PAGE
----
Samadi R.,University Paris Diderot | Belkacem K.,University Paris Diderot | Dupret M.-A.,Luniversite Of Liege | Ludwig H.-G.,University of Heidelberg | And 6 more authors.
Astronomy and Astrophysics | Year: 2012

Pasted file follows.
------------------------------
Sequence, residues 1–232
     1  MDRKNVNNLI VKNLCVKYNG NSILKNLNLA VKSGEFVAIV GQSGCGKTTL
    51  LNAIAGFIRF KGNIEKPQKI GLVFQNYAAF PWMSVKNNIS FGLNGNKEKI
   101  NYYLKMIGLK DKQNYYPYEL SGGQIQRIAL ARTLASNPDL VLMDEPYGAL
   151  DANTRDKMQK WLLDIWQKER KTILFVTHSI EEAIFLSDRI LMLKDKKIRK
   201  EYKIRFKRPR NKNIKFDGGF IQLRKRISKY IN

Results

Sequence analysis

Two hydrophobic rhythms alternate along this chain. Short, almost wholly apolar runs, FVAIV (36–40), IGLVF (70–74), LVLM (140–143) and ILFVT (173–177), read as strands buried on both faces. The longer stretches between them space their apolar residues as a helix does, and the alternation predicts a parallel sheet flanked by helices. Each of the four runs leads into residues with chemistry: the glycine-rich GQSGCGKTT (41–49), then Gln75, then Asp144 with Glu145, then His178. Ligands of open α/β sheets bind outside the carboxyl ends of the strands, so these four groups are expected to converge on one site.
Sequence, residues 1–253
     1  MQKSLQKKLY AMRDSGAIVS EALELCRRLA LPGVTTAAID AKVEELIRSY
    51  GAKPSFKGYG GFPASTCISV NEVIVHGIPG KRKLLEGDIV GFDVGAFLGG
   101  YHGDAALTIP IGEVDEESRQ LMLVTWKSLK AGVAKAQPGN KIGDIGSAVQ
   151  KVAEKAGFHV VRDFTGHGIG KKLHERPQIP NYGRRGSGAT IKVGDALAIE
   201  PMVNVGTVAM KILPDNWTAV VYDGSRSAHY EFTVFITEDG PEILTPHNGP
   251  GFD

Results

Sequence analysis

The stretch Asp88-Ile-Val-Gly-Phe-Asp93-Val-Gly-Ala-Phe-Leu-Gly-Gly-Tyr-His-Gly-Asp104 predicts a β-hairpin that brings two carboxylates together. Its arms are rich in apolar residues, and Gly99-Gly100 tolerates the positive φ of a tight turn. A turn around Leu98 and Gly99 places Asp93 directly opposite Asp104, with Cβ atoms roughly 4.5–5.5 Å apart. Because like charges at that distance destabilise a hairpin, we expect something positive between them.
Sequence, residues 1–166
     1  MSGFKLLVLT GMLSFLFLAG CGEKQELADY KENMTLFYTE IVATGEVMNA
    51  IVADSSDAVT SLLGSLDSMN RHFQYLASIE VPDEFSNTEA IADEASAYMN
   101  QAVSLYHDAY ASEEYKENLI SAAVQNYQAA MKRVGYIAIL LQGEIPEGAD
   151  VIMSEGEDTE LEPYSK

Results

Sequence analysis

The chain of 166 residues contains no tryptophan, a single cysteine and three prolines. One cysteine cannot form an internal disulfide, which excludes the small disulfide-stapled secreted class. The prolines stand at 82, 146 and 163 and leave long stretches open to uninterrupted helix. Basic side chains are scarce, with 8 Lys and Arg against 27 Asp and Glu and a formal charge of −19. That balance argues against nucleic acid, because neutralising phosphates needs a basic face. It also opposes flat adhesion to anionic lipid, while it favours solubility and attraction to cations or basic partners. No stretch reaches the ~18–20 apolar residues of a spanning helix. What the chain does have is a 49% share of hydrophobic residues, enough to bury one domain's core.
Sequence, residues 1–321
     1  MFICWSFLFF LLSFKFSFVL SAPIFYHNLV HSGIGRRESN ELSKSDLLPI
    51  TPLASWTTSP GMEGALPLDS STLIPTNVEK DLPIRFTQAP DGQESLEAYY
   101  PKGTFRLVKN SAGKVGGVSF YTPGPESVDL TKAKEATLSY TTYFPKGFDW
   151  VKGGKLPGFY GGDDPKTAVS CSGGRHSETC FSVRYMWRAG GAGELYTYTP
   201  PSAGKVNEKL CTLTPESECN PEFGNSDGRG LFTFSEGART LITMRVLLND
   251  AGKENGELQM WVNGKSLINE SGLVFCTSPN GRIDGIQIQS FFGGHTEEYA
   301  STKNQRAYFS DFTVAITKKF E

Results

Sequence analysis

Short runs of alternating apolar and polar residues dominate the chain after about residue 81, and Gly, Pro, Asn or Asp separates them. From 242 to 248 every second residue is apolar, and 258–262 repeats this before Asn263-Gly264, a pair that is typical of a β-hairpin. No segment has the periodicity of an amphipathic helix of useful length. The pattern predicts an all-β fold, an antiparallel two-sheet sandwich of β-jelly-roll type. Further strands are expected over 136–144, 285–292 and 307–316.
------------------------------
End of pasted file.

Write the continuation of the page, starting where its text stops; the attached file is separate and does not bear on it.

Context. A growing number of solar-like oscillations has been detected in red giant stars thanks to the CoRoT and Kepler space-crafts. In the same way as for main-sequence stars, mode driving is attributed to turbulent convection in the uppermost convective layers of those stars. Aims. The seismic data gathered by CoRoT on red giant stars allow us to test the mode driving theory in physical conditions different from main-sequence stars. Methods. Using a set of 3D hydrodynamical models representative of the upper layers of sub-and red giant stars, we computed the acoustic mode energy supply rate (p mex). Assuming adiabatic pulsations and using global stellar models that assume that the surface stratification comes from the 3D hydrodynamical models, we computed the mode amplitude in terms of surface velocity. This was converted into intensity fluctuations using either a simplified adiabatic scaling relation or a non-adiabatic one. Results. From L and M (the luminosity and mass), the energy supply rate {p max} is found to scale as (L/M) 2.6 for both main-sequence and red giant stars, extending previous results. The theoretical amplitudes in velocity under-estimate the Doppler velocity measurements obtained so far from the ground for red giant stars by about 30%. In terms of intensity, the theoretical scaling law based on the adiabatic intensity-velocity scaling relation results in an under-estimation by a factor of about 2.5 with respect to the CoRoT seismic measurements. On the other hand, using the non-adiabatic intensity-velocity relation significantly reduces the discrepancy with the CoRoT data. The theoretical amplitudes remain 40% below, however, the CoRoT measurements. Conclusions. Our results show that scaling relations of mode amplitudes cannot be simply extended from main-sequence to red giant stars in terms of intensity on the basis of adiabatic relations because non-adiabatic effects for red giant stars are important and cannot be neglected. We discuss possible reasons for the remaining differences. © 2012 ESO.